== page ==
The Royal College of Surgeons (RCSI) academic and education building has become the largest redevelopment project in the City Centre in recent years. The facility comprises a state of the art surgical and clinical training suite containing a flexible wet lab, mock operating theatre, clinical training wards, standardised patients rooms and task training rooms. It will also include a 540 seat auditorium, a library spanning three floors with 500 study spaces, a sports hall and fitness suite.
The gross floor area of the proposed building is approx. 12,000m² and is to be constructed primarily of insitu concrete frame with structural steel elements incorporated from Basement minus 4 (B-4) to 5th floor.
This highly sophisticated project is a true masterpiece of civil engineering. Consider the fact that the new structure has a 19-metre-deep basement, which had to be connected to an existing basement, factor in a very high water table, and you will come to understand the challenges the design team and the construction team faced when waterproofing this structure.
The project commenced in 2007 when the base slab and the perimeter walls were partially constructed. The original basement had been left dormant for several years.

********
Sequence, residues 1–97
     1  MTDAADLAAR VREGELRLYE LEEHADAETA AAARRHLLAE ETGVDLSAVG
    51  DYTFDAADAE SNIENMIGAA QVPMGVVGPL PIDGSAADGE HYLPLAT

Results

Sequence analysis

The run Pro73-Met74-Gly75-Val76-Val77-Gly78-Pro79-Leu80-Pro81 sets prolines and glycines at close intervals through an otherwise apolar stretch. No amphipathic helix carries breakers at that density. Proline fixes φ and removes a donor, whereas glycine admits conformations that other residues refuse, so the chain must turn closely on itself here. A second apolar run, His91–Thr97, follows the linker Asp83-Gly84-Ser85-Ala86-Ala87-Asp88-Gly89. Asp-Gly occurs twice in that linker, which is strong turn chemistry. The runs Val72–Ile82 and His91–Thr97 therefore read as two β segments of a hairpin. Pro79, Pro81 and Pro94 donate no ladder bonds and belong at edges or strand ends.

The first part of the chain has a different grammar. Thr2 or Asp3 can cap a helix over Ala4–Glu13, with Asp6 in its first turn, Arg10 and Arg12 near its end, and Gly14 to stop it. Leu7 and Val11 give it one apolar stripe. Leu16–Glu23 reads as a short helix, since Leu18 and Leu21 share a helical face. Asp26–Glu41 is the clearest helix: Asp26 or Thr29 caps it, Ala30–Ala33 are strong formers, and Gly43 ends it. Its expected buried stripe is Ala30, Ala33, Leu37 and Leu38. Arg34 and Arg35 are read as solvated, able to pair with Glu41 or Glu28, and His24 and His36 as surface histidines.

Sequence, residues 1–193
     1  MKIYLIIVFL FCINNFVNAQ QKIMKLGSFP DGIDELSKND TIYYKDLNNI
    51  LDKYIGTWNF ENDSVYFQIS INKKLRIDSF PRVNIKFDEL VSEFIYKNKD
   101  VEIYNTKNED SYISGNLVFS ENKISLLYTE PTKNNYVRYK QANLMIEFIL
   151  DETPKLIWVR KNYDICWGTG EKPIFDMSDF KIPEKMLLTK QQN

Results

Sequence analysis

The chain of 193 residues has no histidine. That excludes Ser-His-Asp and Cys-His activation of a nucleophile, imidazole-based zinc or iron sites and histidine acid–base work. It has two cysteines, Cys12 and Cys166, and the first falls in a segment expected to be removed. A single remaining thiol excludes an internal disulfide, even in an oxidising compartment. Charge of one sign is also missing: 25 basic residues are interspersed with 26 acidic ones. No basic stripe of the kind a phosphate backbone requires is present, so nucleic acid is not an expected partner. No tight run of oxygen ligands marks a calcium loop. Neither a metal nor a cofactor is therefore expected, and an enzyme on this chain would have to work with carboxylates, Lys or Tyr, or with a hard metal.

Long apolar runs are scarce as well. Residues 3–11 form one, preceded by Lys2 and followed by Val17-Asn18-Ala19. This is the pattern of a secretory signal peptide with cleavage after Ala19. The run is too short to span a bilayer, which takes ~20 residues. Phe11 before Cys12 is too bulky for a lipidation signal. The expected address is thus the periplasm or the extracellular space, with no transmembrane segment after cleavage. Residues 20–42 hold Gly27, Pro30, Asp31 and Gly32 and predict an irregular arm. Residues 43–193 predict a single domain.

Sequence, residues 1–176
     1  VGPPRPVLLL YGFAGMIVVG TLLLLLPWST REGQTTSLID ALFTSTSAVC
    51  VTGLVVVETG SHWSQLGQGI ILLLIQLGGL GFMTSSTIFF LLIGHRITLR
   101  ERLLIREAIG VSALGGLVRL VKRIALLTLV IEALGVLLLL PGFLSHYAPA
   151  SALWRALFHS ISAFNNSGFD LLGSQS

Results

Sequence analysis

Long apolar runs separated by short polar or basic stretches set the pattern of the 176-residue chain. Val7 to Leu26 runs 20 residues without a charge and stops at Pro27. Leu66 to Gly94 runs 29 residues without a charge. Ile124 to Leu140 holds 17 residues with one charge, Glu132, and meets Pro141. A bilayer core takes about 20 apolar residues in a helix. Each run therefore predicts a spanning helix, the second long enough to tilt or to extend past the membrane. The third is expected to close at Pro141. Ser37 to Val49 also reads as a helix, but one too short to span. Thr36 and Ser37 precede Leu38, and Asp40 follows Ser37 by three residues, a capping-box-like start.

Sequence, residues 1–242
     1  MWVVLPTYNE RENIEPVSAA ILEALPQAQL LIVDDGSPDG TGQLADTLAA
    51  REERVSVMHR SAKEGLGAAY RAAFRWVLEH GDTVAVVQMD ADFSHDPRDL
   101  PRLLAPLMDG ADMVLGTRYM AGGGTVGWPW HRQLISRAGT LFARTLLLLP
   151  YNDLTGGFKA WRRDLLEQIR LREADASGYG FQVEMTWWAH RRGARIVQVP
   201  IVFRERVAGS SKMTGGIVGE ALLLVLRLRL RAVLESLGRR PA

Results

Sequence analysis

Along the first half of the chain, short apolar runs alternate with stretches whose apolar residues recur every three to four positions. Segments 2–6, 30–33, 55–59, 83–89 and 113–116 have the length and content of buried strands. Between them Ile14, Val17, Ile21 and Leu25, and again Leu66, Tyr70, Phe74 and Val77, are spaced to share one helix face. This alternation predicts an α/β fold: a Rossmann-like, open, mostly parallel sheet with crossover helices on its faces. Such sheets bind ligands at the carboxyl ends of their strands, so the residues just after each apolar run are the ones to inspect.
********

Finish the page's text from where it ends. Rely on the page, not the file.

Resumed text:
Under the expert guidance and expertise of Graham O’Sullivan (Henry J Lyons, Architects), Eddie Lyons (O’Connor Sutton Cronin, Structural Engineers), Michael McDonagh (SURFASOLOGY, Waterproofing Specialist), Bennett Construction (Main Contractors) and SMG Formwork (Concrete Works), this demanding and challenging project was completed to the highest standards.
CEMtobent CS Plus Membrane had been successfully used as the waterproofing membrane on the old structure and was the system of choice for providing a Type A (Barrier Protection) as described in BS 8102:2009 to the new structure. Approved products from the Drizoro range were used for remedial works and for detailing of critical points on both the old and the new structures.
The construction works consisted of demolishing part of the original structure and connecting the new structure to it. A hydro-demolition system was used to remove part of the old structure. This resulted in a very rough surface profile to the face of the old structure, along the area where the new structure was to be connected, inhibiting the use of conventional waterbars at this very critical joint.
Another major obstacle encountered because of the demolition, was the destruction of the old structure waterproofing membrane. It was not possible to connect the CEMtobent CS Plus membrane which had been installed under the old structure to the CEMtobent CS Plus waterproofing membrane which was to be installed under the new structure. This was a major cause of concern.
A detail for this very critical area was designed using the following materials.
Maxseal Super, a cement-base crystalline coating was applied to the joint of the old structure.
Two lines of Predimax 19 Injection Hose were installed along the full length of the joint of the old structure, through which an injection material was injected after the new structure had been built, resulting in a water-tight joint between the new and the old structures.
Due to the excellent TEAM effort , this project has been completed successfully.